- Legalizing medical marijuana will create growth and job opportunities in Texas in addition to providing relief to thousands of patients.
- Reducing government interference in the medical field and creating a market for medical marijuana is a state’s prerogative.
- Texas voters support allowing access to medical marijuana. A 2013 poll conducted by Public Policy Polling found that 58% of Texans support allowing access to medical marijuana.
- A 2013 national poll by Fox News found that 85% of Americans support medical marijuana.
- Twenty-three states and Washington, D.C. currently allow patients legal access to medical marijuana. Several other states are currently considering legislation to allow access to medical marijuana.
- For some patients for whom currently available medications are not effective, medical marijuana may provide relief from suffering and improve quality of life.
- It’s time for Texans to ensure medical freedom for seriously ill patients to access the best treatment for their care, including medical marijuana.
- The Texas Nurses Association “believes alternative therapies and complementary modalities may be appropriate interventions to meet patient needs. Such therapies and modalities include the use of marijuana in appropriate medical situations such as helping patients manage chronic pain. Patients should have access to marijuana for such use and practitioners should have the right to counsel patients about the use of marijuana in appropriate medical situations.”
Talking Points — Taking Marijuana Off the Criminal Market
- Marijuana prohibition has failed. Today, over 106 million Americans admit to having tried marijuana, and over 17.4 million say they have used it in the past month.
- Marijuana prohibition has been just as ineffective, inefficient, and problematic as alcohol prohibition was in the 1920s and 1930s. Most Americans agree it is time to replace this failed policy with a more sensible approach.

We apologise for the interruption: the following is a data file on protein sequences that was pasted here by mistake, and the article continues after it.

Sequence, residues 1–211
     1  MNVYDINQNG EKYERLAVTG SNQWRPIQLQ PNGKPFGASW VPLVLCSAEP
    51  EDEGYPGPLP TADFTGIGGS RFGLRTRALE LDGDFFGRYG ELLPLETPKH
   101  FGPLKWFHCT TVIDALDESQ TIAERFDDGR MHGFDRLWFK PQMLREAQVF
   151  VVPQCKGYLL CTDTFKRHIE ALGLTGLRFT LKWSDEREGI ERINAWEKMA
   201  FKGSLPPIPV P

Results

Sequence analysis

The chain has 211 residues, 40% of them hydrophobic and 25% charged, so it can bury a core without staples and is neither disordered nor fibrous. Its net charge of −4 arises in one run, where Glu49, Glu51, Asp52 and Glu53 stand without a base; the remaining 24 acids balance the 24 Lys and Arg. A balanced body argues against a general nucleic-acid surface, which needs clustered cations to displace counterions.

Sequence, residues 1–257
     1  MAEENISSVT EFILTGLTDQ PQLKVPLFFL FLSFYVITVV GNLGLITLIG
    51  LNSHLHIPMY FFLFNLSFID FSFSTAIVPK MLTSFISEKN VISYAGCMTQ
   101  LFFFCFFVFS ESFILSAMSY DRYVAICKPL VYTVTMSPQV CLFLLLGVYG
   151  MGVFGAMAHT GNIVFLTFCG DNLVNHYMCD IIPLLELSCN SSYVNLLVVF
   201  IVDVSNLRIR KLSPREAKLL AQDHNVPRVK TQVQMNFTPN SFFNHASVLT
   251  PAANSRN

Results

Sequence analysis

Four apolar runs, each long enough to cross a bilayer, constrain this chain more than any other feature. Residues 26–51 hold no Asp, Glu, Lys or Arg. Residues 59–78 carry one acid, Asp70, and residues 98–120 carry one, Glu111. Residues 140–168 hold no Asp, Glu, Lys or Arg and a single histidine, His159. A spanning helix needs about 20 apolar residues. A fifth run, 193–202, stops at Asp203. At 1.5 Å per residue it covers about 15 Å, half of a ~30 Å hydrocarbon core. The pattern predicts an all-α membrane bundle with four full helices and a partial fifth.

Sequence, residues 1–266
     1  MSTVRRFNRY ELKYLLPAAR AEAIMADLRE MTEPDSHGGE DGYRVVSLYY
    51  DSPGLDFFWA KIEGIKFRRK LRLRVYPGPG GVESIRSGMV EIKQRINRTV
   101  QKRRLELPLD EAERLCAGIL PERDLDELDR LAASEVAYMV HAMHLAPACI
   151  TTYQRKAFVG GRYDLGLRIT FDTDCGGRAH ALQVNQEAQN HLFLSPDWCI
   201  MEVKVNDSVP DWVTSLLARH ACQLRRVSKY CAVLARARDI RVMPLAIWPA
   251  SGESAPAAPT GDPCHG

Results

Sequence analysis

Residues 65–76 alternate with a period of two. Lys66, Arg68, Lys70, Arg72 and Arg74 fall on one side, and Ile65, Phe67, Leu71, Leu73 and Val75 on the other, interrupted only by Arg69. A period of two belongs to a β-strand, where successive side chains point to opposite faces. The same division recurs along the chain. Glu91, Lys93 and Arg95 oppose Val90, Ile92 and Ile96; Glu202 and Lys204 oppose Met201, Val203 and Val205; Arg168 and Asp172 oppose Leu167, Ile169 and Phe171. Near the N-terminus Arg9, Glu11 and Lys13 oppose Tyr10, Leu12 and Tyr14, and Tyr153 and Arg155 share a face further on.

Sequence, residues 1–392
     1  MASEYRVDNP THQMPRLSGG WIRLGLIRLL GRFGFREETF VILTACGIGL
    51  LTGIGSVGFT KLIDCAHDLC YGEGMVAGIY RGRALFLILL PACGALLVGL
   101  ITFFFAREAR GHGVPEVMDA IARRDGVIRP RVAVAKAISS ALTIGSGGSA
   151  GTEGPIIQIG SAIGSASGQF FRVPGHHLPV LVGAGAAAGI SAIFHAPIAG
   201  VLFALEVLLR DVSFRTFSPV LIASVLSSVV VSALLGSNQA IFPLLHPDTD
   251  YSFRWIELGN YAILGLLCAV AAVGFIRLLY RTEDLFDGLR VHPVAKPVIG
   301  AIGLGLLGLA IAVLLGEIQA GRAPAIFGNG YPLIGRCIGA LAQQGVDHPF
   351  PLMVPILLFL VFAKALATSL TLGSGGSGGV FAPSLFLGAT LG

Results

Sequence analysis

- A majority of Texans agree it is time to replace marijuana prohibition with a system of reasonable regulation, legalizing marijuana for adults 21 and over.
- Marijuana is objectively less harmful than alcohol. It is less toxic, less addictive, and less harmful to the body, and it does not contribute to violent and reckless behavior. Adults should not be punished for choosing to use the safer substance.
- By treating marijuana like alcohol, we can take sales out of the hands of drug cartels in the underground criminal market and put them behind the counters of state-licensed businesses that are creating jobs and paying taxes.
- Law enforcement officials’ time and resources could be better spent addressing violent and otherwise serious crimes instead of arresting and prosecuting adults for using marijuana. For example, in Houston alone, over 15,000 burglaries with viable leads went uninvestigated in 2013. During that same time period, over 74,000 arrests for possession of marijuana occurred in Texas. Clearly, our tax dollars and our law enforcement priorities need to be redirected.